Titles: Wednesday Workshop



Wednesday’s Workshop
02 November 2016

I am currently thinking and re-thinking the titles to my books.

Clearly, the title is of the utmost importance. The title should draw the reader in while offering some information on the content. Alas, my earlier titles did not do this.

Monkey Temple, for example, really doesn’t say much about what the book contains. Nor does its subtitle: A narrative fable for modern times. Those who have read poems from the book or who have heard me read excerpts from it, know what it is about. However, deep down the title really says little about the life and times of Monkey, the protagonist who works and suffers in the corporate Monkey Temple.

In similar fashion, Though Lovers Be Lost is a wonderful title, taken from Dylan Thomas, and illustrating his theory that “though lovers be lost, love shall not, and death shall have no dominion.” If readers have these lines on the tip of their tongues, as most people from Wales do, then they will have a fair idea about the contents of the book. However, without that intimate knowledge of one of the great Welsh poets … many readers will be lost and the title will lack meaning, check my post on Intertextuality.

Bistro is a collection of flash fiction. I am not sure that the title suggests that instead of a standard and expected table of contents the book has a menu that refers to the 34 pieces of flash fiction are contained within its pages. The pieces are so varied, rather like a meal of sashimi or sushi, that it is difficult to describe the contents (or menu) in such a short thing as the title. Does the one word, Bistro, draw the reader in? The cover picture might and the combination of title and picture and cover may go further. However, I have my reservations.

Empress of Ireland, on the other hand, is a book of poems about a specific event: the sinking of the Empress of Ireland  in the St. Lawrence River in May, 1914. Here, title and event are closely linked and hopefully the title is rather more indicative of the contents. Even here, as in the cases of the books mentioned previously, a brief description of the book is necessary.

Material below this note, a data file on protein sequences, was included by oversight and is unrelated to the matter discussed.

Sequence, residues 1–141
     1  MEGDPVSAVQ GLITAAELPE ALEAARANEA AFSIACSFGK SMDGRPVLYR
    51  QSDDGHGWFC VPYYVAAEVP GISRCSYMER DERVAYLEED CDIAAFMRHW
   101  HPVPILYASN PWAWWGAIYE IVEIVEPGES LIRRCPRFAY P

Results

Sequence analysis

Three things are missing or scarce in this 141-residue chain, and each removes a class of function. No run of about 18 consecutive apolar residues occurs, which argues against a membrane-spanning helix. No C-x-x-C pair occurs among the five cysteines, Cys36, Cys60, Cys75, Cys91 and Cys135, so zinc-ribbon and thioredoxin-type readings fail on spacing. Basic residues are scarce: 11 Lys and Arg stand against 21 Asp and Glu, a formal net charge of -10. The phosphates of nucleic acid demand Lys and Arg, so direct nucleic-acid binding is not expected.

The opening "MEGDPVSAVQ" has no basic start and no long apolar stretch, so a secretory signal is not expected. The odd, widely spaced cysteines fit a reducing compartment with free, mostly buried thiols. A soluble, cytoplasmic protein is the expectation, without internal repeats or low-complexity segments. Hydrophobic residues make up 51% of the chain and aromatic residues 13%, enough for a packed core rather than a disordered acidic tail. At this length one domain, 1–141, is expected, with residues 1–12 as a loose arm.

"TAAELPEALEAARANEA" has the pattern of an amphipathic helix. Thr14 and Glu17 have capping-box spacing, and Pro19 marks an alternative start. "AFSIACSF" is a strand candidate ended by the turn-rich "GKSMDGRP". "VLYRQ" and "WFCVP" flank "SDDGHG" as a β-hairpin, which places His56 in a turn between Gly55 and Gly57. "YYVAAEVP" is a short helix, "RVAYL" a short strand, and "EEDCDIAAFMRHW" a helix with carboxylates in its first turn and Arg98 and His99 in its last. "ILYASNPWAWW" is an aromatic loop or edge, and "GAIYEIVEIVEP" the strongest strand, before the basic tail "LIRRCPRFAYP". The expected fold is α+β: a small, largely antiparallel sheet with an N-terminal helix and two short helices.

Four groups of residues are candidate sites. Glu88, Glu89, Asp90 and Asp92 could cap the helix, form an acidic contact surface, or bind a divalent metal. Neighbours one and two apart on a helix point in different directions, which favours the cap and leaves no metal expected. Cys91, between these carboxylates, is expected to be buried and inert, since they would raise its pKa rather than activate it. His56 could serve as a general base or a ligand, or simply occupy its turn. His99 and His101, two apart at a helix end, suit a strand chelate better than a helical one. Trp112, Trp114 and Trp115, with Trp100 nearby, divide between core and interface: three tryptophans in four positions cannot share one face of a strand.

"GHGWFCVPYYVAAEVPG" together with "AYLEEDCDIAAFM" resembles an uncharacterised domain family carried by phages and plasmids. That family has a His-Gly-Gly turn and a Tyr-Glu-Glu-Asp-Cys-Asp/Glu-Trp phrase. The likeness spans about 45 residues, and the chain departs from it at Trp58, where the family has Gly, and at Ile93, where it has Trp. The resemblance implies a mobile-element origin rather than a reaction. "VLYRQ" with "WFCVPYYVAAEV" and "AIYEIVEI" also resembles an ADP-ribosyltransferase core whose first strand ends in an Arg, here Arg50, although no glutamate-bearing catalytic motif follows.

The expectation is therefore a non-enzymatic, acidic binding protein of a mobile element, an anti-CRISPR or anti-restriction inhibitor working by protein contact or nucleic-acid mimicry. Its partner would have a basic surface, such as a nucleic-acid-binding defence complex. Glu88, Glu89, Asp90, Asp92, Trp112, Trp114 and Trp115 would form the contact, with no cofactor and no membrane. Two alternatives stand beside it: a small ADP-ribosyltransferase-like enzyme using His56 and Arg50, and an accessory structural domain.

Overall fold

Sun and Moon is a great title, provided you have lived in Oaxaca, Mexico, and know that Sun and Moon are the official symbols of the state of Oaxaca. Without that knowledge, the sub-title, Poems from Oaxaca, Mexico, is essential. The cover photograph with the state symbol of Sun and Moon is intriguing, but it is still necessary to read the description to find out what the book is about. Are title and sub-title enough in themselves? I’m still not sure.

Obsidian’s Edge is a tricky title. I thought everybody knew that obsidian is the shiny black glassy stone produced in volcanic areas. Further, I thought most people knew that the edge of obsidian is used in weapons and knives that cut. By extension, obsidian knives were used by the Aztecs and others in their human sacrifices … so much knowledge that is clear to the writer but unclear to the reader who may not realize that we all live at Obsidian’s Edge with the sacrifice of our own lives hanging by a thin thread on a daily basis. Oh dear, I have been to workshops and readings recently where people knew nothing about obsidian and its properties … my title gives so little information.